Fights: One Boy's Triumph Over Violence  by Joel Christian Gill

Fights is the visceral and deeply affecting memoir of artist/author Joel Christian Gill, chronicling his youth and coming of age as a Black child in a chaotic landscape of rough city streets and foreboding backwoods.  Propelled into a world filled with uncertainty and desperation, young Joel is pushed toward using violence to solve his problems by everything and everyone around him. But fighting doesn't always yield the best results for a confused and sensitive kid who yearns for a better, more fulfilling life than the one he was born into, as Joel learns in a series of brutal conflicts that eventually lead him to question everything he has learned about what it truly means to fight for one's life.

Kindred: A Graphic Novel Adaptation' by Octavia E. Butler and John Jennings and its sequel Parable Of The Sower,

More than 35 years after its release, Kindred continues to draw in new readers with its deep exploration of the violence and loss of humanity caused by slavery in the United States, and its complex and lasting impact on the present day. Adapted by celebrated academics and comics artists Damian Duffy and John Jennings, this graphic novel powerfully renders Butler's mysterious and moving story, which spans racial and gender divides in the antebellum South through the 20th century. Butler's most celebrated, critically acclaimed work tells the story of Dana, a young black woman who is suddenly and inexplicably transported from her home in 1970s California to the pre–Civil War South. As she time-travels between worlds, one in which she is a free woman and one where she is part of her own complicated familial history on a southern plantation, she becomes frighteningly entangled in the lives of Rufus, a conflicted white slaveholder and one of Dana's own ancestors, and the many people who are enslaved by him.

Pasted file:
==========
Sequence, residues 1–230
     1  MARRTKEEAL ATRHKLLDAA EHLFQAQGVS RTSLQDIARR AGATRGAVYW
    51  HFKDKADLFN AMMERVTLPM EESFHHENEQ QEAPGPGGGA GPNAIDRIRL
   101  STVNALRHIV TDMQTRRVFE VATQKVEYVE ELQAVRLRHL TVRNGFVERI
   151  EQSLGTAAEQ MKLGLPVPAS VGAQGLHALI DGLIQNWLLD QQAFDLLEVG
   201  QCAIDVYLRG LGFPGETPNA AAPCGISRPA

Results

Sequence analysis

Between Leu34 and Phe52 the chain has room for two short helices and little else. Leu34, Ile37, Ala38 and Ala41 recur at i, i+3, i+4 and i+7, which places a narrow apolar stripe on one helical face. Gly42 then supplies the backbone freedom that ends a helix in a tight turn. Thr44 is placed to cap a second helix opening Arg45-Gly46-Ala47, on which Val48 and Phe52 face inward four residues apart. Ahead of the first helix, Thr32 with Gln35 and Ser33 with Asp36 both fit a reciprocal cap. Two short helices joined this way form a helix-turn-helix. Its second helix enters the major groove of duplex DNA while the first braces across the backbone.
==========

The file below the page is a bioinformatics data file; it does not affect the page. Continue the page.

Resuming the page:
'Yummy: The Last Days of a Southside Shorty' by G. Neri and Randy Duburke

Eleven-year old Roger is trying to make sense of his classmate Robert "Yummy" Sandifer's death, but first he has to make sense of Yummy's life. Yummy could be as tough as a pit bull sometimes. Other times he was as sweet as the sugary treats he loved to eat. Was Yummy some sort of monster, or just another kid? As Roger searches for the truth, he finds more and more questions. How did Yummy end up in so much trouble? Did he really kill someone? And why do all the answers seem to lead back to a gang-the same gang to which Roger's older brother belongs? Yummy: The Last Days of a Southside Shorty is a compelling graphic dramatization based on events that occurred in Chicago in 1994.

Black History in Its Own Words by Ron Wimberly

A look at Black History framed by those who made it. BLACK HISTORY MONTH IN ITS OWN WORDS presents quotes of dozens of black luminaries with portraits & illustrations by Ronald Wimberly. Featuring the memorable words and depictions of Angela Davis, Jean-Michael Basquiat, Kanye West, Zadie Smith, Ice Cube, Dave Chappelle, James Baldwin, Spike Lee and more.

Watson and Holmes: A Study In Black and Vol 2